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Recording yourself

The ultimate guide to audio recording - Part 47

You probably all know that technical tasks are mainly processed with one hemisphere of your brain while the artistic domain is handled by the other one. For reasons I won't get into here, it just so happens that the two hemispheres of your brain don't communicate optimally with each other. Consequently, it is strongly recommended to organize your time in such a way that you group all similar tasks to be more efficient. Yet, home studio owners usually work on their own, which means that, while it is more or less possible to split technical from artistic aspects during mixdown and mastering, it is not so easy to do so when tracking... Fortunately there are solutions that allow you to limit the technical turmoil and, hence, focus your attention on your performance.

Recording yourself: The ultimate guide to audio recording - Part 47
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Alone in the dark…

Raise your hand those of you who don’t own a smartphone or a tablet! Okay, well, I’m sorry to tell you that this first part doesn’t concern you, so feel free to move on to the next one. For the rest of you, you may not know that there’s a plethora of apps that can largely ease your life, avoiding you to unnecessarily go back and forth between your computer and your recording setup.

Let’s begin with some apps specially conceived for certain DAWs:

These solutions are all pretty nice, but they all exhibit some inconveniences. First due to compatibility. Indeed, while Apple is well covered in this respect, Android and Windows aren’t. Furthermore, they are not really customizable and are not particularly conceived with remote control in mind during recording, and hence their usability is not optimal. Finally, not all DAWs are considered.

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But don’t worry, I still have some other tricks under my sleeve to help you out. In my opinion, the best of the best are TouchOSC and Lemur. Besides being iOS and Android compatible, they are fully customizable. And if you don’t want to get your hands dirty, there are some ready-to-use templates for your DAW, like LiveControl 2 for Ableton Live, Binder for Reaper, or TTC-1 for Harrison Mixbus, for instance.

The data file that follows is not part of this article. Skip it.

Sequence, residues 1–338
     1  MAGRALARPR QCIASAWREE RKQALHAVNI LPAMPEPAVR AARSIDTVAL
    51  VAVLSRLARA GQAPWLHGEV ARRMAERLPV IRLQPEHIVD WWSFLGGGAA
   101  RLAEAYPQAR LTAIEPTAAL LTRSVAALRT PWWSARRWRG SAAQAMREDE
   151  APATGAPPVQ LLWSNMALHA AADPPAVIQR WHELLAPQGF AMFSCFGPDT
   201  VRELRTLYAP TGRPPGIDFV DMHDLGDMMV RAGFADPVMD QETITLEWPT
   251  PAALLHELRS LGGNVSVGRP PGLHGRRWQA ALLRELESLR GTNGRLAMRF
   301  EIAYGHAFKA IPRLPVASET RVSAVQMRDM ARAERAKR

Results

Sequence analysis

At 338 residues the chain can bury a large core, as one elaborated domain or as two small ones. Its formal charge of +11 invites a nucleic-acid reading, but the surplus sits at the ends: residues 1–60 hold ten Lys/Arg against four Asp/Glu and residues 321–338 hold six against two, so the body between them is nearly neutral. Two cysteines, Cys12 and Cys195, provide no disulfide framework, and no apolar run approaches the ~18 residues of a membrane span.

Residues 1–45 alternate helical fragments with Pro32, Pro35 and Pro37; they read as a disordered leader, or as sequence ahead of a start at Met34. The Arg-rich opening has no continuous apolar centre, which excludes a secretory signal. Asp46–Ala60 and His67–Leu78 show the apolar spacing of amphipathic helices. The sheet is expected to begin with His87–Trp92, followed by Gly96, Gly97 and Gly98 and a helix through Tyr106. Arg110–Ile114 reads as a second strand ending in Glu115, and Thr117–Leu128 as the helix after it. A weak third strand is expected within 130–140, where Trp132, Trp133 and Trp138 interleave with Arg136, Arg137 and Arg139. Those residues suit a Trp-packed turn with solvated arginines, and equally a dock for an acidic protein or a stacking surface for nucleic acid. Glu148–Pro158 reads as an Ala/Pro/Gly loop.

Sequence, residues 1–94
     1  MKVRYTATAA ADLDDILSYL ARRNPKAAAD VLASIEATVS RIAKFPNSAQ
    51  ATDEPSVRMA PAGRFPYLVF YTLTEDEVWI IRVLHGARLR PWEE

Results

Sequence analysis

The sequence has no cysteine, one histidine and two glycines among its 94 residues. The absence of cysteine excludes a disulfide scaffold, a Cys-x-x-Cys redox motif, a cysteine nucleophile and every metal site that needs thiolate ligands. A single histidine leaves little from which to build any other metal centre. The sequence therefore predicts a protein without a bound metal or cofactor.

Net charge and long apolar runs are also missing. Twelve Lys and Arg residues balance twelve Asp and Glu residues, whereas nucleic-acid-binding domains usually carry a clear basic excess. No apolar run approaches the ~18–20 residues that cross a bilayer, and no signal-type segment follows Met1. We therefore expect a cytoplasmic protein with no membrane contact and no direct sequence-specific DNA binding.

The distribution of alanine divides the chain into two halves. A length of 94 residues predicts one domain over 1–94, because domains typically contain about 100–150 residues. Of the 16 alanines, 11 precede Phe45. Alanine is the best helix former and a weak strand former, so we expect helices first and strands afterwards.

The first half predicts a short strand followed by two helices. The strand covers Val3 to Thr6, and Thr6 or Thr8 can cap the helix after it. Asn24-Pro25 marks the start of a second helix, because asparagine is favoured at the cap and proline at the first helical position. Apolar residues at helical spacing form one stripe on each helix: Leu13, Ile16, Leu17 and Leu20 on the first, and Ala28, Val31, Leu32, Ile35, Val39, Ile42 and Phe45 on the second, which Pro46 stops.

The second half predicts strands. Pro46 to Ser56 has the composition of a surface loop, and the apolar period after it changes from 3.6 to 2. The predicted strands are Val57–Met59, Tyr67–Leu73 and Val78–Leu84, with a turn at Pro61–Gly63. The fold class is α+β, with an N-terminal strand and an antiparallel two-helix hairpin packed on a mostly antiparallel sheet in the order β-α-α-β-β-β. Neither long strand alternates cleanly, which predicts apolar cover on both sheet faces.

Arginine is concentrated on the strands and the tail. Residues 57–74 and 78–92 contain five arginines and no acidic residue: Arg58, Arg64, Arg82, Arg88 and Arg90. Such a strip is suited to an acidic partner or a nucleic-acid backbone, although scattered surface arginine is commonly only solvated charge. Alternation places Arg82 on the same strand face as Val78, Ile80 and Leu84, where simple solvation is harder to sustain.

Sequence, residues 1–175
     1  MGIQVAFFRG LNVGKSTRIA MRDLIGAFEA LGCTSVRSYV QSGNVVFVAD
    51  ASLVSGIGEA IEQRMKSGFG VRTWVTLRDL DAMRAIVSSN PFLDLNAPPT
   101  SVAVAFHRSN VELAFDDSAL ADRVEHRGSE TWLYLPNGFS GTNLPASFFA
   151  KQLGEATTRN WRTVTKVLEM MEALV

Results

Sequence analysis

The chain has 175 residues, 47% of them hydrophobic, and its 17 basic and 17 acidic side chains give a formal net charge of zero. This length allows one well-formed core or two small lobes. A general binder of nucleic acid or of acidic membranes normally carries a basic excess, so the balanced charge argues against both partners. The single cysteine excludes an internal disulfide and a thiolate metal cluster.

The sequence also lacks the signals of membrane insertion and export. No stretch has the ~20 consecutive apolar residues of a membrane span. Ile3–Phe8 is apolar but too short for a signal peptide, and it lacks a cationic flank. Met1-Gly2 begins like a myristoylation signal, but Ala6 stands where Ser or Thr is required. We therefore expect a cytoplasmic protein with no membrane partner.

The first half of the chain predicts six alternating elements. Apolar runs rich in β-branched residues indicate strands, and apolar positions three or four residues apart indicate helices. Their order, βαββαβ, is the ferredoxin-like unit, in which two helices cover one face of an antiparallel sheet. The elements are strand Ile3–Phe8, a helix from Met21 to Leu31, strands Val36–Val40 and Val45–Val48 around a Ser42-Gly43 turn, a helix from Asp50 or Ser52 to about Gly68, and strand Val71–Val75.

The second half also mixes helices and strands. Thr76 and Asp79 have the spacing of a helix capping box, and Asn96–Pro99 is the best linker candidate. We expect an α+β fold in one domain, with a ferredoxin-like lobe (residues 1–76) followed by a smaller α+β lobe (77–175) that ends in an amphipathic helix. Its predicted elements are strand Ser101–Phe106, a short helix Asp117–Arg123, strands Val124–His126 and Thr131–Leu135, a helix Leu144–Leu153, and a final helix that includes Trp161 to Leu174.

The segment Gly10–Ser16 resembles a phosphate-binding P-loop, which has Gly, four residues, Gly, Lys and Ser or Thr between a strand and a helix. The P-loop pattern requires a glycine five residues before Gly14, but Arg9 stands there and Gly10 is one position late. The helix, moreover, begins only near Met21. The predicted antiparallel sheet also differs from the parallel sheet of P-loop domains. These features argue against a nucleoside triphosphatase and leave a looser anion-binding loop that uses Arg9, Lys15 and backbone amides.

Not satisfied yet? Too complicated to set up? No problemo! There is still one last option in the mobile world: keyboard shortcut apps. Personally, I use BTT Remote together with the superb BetterTouchTool utility. Thanks to this partnership from hell, I can associate customizable icons to keyboard shortcuts linked to my DAW. I’ve obviously chosen these shortcuts meticulously to avoid having to beat my brain between every take. The downside is that they are only available for Apple. That said, a quick search online ought to help you find something similar for Android / PC, and I’m pretty sure someone in the Audiofanzine community might be able to help you out if you ask in the forums…

Alone in the dark 2…

There are other options besides mobile apps. The poor man’s solution, which I personally used in my beginnings, boils down to using a simple wireless keyboard with the shortcuts you need. If you have a small budget, there are many MIDI controllers, wireless or not, that can serve the purpose wonderfully. Finally, I’ll mention an extremely interesting solution: MIDI pedalboards. Commonly used by our guitarist friends, a MIDI pedalboard used as a remote for your DAW has the huge advantage of helping you keep your hands free!

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Recording drums — Last advice
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